Distributors work hard to build the goodwill in a product with the expectation that they will profit from the increase in goodwill through increased sales. To do this, they need to build the brand. But unless distribution agreements are carefully drawn, the time, money and effort invested in building the brand can be lost to competitors or, worse yet, the manufacturer. There are some steps, however, that can be taken to minimize this risk.

Trademark Infringement Claims

Last week we wrote about a recent decision in the Southern District of New York, Prince of Peace Enterprises, Inc. v. Top-Quality Food Market, LLC, 2011 U.S. LEXIS 3917 (See blog post here). In that case, a distributor had secured the exclusive right of distribution together with the exclusive right to use the trademark of a product called “Po Chai” pills. When the distributor discovered that similar products were being marketed with the same trademark, it filed suit for trademark infringement under Sections 32 (1), 43 (a) and 43 (c) of the Federal Lanham Act. The case was dismissed because the agreement that granted the plaintiff its exclusive right of distribution and use of the trademark was insufficient to convey standing to prosecute the trademark infringement claim under federal law.

Over the years, we’ve seen other cases in which the manufacturer decides to compete with the distributor by conducting its own distribution in competition with an exclusive distributor. Other problems that can come up involve copying by third parties and importation of gray market goods, sometimes with the knowledge or consent of the manufacturer.

Drafting Exclusive Distribution Agreements

There are a few techniques that we use in an attempt to secure the distributor’s franchise and the right to profit from the goodwill built in a new brand. Of course, none of these approaches are guaranteed, and a manufacturer or some other third party that is intent upon infringing on the distributor’s exclusive rights will often do so even when there is a contract that prohibits this type of behavior. Nonetheless, here are some intellectual property considerations for drafting an exclusive distribution agreement.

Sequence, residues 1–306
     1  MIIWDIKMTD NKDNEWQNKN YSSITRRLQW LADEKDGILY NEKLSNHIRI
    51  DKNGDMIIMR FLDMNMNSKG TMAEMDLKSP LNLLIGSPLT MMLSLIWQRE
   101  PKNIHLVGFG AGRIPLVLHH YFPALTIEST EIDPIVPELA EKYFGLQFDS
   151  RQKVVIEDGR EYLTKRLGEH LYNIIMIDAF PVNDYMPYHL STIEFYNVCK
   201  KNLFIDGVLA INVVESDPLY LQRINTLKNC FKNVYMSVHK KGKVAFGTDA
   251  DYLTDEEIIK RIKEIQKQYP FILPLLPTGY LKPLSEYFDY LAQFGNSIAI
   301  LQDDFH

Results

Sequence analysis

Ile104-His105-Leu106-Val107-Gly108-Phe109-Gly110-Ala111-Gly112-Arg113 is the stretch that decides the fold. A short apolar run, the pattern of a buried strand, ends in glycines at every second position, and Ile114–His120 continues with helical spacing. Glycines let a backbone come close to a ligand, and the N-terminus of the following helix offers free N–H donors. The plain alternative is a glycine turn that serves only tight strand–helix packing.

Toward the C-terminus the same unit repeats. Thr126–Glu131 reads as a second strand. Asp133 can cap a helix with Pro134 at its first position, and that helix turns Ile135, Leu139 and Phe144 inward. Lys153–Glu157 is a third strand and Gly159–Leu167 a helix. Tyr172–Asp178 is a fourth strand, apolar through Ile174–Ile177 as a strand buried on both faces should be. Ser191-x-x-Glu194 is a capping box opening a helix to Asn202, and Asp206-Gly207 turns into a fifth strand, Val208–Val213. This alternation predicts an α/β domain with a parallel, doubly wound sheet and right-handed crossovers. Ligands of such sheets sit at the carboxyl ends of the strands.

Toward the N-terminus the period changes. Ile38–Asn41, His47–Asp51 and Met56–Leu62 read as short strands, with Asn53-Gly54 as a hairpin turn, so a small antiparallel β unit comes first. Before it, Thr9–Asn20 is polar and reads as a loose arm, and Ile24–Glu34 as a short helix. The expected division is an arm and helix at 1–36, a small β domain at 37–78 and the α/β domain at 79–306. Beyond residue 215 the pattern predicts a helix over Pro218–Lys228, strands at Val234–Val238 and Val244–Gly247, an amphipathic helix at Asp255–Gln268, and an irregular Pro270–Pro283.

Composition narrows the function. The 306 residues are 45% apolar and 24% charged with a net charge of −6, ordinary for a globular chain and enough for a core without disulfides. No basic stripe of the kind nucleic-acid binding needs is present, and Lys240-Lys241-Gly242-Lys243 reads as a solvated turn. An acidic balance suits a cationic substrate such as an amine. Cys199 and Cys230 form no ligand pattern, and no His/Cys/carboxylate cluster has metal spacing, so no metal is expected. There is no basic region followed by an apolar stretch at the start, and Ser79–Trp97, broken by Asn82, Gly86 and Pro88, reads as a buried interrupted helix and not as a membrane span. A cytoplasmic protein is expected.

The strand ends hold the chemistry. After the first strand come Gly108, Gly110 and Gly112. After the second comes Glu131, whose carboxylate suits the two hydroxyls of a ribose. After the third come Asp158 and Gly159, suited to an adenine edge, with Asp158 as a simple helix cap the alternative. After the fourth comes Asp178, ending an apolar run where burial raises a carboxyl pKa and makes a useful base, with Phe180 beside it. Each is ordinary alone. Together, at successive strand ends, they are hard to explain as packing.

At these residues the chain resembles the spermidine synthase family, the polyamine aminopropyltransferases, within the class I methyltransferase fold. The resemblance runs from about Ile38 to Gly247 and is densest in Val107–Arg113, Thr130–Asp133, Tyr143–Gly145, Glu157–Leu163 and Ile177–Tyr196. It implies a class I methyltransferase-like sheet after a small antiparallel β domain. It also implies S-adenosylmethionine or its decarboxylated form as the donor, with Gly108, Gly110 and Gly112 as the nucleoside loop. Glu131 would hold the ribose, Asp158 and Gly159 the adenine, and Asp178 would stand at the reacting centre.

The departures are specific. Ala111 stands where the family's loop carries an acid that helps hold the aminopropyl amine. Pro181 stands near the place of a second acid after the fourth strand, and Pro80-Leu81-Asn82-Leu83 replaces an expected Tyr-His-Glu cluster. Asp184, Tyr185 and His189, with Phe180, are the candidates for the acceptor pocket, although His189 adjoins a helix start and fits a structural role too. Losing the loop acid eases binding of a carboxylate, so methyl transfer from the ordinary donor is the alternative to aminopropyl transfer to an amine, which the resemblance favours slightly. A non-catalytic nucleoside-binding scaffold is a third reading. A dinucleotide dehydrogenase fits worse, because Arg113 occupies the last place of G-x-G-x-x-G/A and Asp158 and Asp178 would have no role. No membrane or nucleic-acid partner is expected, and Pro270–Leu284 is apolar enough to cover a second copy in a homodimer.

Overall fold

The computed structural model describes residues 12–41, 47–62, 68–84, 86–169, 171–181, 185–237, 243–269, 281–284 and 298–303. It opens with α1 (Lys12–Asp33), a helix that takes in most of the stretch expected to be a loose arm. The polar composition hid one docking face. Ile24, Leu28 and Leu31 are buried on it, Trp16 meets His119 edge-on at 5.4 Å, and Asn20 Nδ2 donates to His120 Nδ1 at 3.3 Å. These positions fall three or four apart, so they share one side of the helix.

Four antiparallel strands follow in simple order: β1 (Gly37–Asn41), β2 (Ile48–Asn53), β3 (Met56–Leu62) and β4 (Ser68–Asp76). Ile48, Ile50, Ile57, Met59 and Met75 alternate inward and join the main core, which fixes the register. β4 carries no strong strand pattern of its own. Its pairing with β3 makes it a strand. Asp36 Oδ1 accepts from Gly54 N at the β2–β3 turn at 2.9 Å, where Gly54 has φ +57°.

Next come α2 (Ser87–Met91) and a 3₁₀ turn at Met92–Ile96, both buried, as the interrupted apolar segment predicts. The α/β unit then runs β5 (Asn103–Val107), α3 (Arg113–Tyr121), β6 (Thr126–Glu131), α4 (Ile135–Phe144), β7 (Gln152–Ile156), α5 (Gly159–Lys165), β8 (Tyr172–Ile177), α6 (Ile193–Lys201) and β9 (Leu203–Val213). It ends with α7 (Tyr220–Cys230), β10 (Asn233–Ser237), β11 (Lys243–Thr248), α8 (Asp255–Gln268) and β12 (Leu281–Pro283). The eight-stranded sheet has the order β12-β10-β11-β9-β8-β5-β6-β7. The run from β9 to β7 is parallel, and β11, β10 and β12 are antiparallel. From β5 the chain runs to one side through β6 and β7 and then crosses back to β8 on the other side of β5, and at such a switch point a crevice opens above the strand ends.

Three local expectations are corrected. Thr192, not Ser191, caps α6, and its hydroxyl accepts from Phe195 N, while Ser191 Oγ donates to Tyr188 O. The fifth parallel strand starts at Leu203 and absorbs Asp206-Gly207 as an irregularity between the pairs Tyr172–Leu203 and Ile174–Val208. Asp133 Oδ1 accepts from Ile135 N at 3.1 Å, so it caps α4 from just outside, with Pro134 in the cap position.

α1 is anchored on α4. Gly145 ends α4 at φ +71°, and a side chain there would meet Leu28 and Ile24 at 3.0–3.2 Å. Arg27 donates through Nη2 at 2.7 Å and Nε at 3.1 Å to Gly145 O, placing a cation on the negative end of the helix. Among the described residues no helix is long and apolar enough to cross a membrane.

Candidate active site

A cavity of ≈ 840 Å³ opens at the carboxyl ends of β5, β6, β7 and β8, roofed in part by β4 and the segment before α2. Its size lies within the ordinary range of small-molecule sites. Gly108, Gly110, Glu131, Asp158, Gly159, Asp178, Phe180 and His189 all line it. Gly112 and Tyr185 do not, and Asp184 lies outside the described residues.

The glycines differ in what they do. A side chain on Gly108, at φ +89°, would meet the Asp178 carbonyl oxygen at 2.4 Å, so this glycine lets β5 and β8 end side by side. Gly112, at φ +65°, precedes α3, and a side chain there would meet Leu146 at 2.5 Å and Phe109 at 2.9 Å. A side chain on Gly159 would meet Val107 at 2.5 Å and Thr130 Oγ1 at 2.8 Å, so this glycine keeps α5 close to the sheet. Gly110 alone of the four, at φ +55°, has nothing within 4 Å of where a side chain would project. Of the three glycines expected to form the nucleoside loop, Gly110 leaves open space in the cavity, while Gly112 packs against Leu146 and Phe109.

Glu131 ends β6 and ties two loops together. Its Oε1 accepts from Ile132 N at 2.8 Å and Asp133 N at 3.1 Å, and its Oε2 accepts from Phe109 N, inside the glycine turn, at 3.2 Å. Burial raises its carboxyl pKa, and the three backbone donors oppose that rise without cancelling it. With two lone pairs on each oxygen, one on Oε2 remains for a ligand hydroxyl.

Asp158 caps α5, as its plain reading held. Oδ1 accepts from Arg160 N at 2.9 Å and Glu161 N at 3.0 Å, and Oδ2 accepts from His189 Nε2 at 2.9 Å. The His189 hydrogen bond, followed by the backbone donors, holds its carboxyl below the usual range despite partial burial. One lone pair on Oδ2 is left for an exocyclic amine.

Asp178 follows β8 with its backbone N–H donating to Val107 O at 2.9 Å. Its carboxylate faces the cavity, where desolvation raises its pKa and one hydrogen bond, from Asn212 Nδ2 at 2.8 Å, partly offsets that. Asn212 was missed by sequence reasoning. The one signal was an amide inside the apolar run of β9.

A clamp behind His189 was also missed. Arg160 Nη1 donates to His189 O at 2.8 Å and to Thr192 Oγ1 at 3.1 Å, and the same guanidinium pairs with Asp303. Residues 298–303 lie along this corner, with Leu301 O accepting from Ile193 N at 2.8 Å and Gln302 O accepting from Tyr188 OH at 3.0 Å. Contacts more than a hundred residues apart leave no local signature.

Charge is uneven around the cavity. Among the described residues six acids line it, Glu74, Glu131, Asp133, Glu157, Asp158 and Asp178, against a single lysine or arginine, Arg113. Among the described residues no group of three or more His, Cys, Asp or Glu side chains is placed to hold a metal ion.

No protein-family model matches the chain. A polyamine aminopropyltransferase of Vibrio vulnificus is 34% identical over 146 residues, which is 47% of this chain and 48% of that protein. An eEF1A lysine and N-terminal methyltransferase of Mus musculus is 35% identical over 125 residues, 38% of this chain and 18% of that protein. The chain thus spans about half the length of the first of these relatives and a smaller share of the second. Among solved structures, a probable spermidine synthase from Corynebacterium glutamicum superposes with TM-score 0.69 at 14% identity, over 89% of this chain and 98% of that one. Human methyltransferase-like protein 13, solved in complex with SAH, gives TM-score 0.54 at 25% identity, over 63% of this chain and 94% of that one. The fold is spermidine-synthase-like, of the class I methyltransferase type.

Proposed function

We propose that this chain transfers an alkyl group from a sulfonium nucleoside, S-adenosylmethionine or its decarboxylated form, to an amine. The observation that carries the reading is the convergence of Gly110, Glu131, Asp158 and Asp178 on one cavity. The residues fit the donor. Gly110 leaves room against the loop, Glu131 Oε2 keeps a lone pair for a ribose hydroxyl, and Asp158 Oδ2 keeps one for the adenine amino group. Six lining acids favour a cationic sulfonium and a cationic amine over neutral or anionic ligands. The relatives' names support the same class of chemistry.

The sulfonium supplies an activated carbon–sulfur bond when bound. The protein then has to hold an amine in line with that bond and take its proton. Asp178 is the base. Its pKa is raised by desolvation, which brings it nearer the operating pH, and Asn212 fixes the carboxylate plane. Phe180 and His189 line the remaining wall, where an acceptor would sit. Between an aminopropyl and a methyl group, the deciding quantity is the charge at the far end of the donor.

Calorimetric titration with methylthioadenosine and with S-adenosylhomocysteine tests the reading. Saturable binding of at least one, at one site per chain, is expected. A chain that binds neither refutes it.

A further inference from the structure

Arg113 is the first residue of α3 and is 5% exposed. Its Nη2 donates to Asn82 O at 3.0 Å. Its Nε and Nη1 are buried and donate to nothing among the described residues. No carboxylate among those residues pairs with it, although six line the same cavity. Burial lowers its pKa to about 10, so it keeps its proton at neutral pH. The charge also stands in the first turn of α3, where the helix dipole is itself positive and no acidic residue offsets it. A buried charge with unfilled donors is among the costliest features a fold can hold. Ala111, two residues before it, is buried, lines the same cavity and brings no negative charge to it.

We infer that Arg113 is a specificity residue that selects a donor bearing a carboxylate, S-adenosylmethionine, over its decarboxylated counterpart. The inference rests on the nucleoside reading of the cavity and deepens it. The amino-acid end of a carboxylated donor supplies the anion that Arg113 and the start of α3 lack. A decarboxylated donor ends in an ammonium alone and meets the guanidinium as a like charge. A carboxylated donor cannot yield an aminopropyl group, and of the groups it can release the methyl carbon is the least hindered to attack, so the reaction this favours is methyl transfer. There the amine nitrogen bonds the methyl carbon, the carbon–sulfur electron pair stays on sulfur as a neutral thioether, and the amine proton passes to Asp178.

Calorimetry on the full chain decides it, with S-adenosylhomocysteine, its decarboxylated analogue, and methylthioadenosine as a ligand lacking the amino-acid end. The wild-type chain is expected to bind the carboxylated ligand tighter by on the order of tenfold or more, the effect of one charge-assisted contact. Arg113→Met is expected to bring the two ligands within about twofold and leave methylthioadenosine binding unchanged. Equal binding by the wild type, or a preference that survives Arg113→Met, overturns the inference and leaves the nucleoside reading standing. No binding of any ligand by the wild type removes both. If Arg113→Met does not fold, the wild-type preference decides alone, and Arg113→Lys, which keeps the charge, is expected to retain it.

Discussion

• Be clear that the exclusive right of distribution entitles you to prohibit others, including the manufacturer, from conducting any sales of products within the territory of your exclusive right. (We usually define this as any first sale of the product.). If the right of distribution is not exclusive, there is little hope of being able to enforce infringements of intellectual property rights.  
  • If possible secure an assignment — not a license — of all of the applicable trademarks, copyrights, patents or trade secrets. This can be tricky, as under applicable law, when the manufacturer retains any interest in this intellectual property, the assignment may be deemed to be nothing more than a license to use. Whether that assignment or license will be sufficient to prevent others from infringing on the exclusive rights will depend on specific issues.  
  • Include a power of attorney that authorizes you to bring infringement claims in the name of the manufacturer, as well as contractual provisions that obligate the manufacturer to cooperate in the event that you have to bring a trademark, copyright or patent infringement claim.  
  • Be careful with termination provisions. We constantly struggle with termination provisions that will protect our client’s investment in a product. It’s not unusual that a manufacturer decides after a distributor has built up a brand that it can do a better job itself (retaining the distributor’s margin, of course) or seeks out another distributor willing to work for a lower price. Termination provisions can protect the distributor’s investment.  

A successful distribution agreement depends on a continuing, productive relationship with the manufacturer. At the same time, a distributor that hasn’t carefully planned for the development of the product or which doesn’t have adequate enforcement in its contract is going to be at a clear disadvantage when trying to protect its investment.